I just wanted to share some feedback from the VIRL Team:
A quick history on VIRL Personal Edition, it started as a little project within an "innovation group” at Cisco. The project has grown, and Cisco has since restructured the project so as to better grow VIRL and CML development program. Most of the same developers are involved in the product development, and, as am I, are excited about growing VIRL, making the product better, more stable, and easier to use. Unfortunately, the transition was a bit bumpy and we are aware of the impact on our users. We are taking steps to address some of these issues.
When VIRL PE was first introduced it had limited Virtualized platforms (IOSv and IOS XRv) and with the Cisco commitment to the platform, VIRL now supports many of the latest Cisco virtualized platforms including the Nexus 9000v, XRv 9000, IOS XE (CSR1000v), IOSv L2, ASAv and many other LXCs such as Ostinato, iPerf and Routem.
The VIRL Team is committed to providing the best software and a strong virtualization platform to the customers. Openstack continues to be at the heart of the VIRL solution delivering a flexible agile virtualization, and more exciting features. The VIRL Team recently upgraded the infrastructure to OpenStack Mitaka and will continue to invest in the architecture to deliver the features that address the market needs.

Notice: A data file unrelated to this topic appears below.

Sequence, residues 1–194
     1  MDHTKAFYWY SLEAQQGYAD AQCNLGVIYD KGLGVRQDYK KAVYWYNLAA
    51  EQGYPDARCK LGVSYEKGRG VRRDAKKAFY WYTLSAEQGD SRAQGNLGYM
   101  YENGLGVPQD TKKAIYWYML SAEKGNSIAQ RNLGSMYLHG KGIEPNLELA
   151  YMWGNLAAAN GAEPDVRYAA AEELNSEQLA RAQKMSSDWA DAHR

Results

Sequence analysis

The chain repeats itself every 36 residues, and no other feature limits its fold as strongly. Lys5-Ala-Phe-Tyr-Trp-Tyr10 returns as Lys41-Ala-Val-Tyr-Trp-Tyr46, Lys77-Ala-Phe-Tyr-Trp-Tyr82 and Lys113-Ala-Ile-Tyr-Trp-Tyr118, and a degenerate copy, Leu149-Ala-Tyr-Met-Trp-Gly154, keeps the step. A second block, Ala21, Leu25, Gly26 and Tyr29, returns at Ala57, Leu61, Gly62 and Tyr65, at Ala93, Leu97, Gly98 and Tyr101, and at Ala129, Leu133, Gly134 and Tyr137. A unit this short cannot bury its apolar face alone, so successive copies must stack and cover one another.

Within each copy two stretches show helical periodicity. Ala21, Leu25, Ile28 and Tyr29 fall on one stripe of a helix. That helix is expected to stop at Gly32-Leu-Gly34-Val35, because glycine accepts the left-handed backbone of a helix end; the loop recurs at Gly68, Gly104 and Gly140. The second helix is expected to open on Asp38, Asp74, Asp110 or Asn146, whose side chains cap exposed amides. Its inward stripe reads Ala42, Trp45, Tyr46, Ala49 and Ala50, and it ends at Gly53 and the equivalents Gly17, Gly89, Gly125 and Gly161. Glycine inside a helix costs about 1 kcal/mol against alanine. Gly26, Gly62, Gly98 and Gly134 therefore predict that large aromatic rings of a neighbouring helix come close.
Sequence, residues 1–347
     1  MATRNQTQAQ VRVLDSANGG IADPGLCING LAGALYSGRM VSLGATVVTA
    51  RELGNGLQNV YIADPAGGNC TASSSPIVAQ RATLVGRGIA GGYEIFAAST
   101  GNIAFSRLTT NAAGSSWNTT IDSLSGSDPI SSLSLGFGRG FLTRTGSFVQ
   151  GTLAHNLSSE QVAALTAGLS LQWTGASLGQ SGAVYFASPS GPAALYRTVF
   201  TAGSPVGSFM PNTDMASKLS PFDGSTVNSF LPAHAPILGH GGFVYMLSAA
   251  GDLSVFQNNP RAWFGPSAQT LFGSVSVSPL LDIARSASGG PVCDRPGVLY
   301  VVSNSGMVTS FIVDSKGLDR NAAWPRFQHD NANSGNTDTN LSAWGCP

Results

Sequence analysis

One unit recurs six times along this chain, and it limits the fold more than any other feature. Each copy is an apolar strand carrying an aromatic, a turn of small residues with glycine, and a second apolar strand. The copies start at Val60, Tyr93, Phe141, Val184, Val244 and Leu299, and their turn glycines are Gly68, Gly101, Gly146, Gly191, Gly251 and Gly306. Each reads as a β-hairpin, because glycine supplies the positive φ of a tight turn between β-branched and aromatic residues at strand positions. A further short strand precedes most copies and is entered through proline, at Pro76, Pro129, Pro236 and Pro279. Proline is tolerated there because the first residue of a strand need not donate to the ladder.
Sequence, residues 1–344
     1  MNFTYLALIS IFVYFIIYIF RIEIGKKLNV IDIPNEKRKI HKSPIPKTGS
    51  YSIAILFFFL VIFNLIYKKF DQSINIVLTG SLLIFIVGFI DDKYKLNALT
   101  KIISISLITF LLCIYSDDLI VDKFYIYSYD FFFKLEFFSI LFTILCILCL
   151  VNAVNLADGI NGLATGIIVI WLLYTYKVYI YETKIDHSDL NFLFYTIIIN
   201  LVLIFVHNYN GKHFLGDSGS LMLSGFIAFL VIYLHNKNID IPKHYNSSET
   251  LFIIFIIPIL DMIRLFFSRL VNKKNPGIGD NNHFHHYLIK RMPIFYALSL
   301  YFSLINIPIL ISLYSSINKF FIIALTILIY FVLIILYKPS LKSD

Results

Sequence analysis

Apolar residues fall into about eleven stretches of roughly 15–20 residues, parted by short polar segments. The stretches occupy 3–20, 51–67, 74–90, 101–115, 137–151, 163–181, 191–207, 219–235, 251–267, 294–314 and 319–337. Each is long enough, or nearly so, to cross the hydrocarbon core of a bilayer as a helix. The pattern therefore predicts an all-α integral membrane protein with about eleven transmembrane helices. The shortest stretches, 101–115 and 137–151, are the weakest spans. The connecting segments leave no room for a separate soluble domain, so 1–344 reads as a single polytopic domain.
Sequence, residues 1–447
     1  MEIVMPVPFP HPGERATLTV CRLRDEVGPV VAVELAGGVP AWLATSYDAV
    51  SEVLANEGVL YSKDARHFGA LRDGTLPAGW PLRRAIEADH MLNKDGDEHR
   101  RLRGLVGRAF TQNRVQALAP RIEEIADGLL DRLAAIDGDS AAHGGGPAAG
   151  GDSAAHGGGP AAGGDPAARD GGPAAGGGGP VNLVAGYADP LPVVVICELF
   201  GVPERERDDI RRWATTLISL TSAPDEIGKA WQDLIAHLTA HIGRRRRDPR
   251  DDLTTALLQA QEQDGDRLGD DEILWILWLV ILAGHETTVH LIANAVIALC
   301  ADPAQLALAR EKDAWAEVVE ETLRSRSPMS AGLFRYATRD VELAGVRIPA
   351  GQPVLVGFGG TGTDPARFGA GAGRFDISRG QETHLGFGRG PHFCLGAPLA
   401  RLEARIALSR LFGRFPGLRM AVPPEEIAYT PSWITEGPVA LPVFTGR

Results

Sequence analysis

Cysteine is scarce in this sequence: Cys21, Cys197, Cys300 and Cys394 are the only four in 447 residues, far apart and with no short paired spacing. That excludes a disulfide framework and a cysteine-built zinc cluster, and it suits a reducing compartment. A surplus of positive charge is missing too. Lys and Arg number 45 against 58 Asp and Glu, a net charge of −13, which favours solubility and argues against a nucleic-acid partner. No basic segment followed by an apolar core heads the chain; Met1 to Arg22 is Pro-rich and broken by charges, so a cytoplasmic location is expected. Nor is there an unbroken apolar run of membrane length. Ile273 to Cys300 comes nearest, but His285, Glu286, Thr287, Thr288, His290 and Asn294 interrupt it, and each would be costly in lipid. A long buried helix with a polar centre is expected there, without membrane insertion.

VIRL PE will continue to be an important virtual modeling offering developed by Cisco and as a product, it will have 3 planned releases a year. There will be a minimum of 1 webinar per each release. Please be sure to bookmark the VIRL Release Notes Index for future release announcements.
Also, VM Maestro is an important element of the VIRL solution and the VIRL Team is keen on addressing any issues that come up. If there is a challenging issue, please open a thread so the team can help and address as needed.
Lastly, the 3rd party forums were migrated to the CLN VIRL forum and still available. Please use the following link: https://learningnetwork.cisco.com/docs/DOC-30476
With the Cisco Learning Network forums, users have the opportunity to see and participate (ask questions, share ideas and connect with other members) not only in the VIRL forum but in other Learning forums as well.
We look forward to having all of the VIRL users as participants in the forum and take advantage of all of the collective knowledge they bring.
Greatly appreciate the response Karlo. At this time, I haven't been able to use my VIRL instance since upgrading last October (VMmaestro hangs on all seven of my Linux workstations). This, and in combination with the removal of my thirty node license, have led me to conclude that VIRL/CML will not be within my future within my home and enterprise.
BTW, was your hyperlink to the 3rd party VMs in VIRL supposed to go somewhere? The link provided looks malformed:
<a ___default_attr="30476" data-orig-content="3rd Party VMs in VIRL" jivemacro="document" title="3rd Party VMs in VIRL">3rd Party VMs in VIRL</a>
As pointed out in several forum posts, the master page on this new domain still references the deceased predecessor, take a peek at the Juniper posts within 3rd Party VMs in VIRL for instance.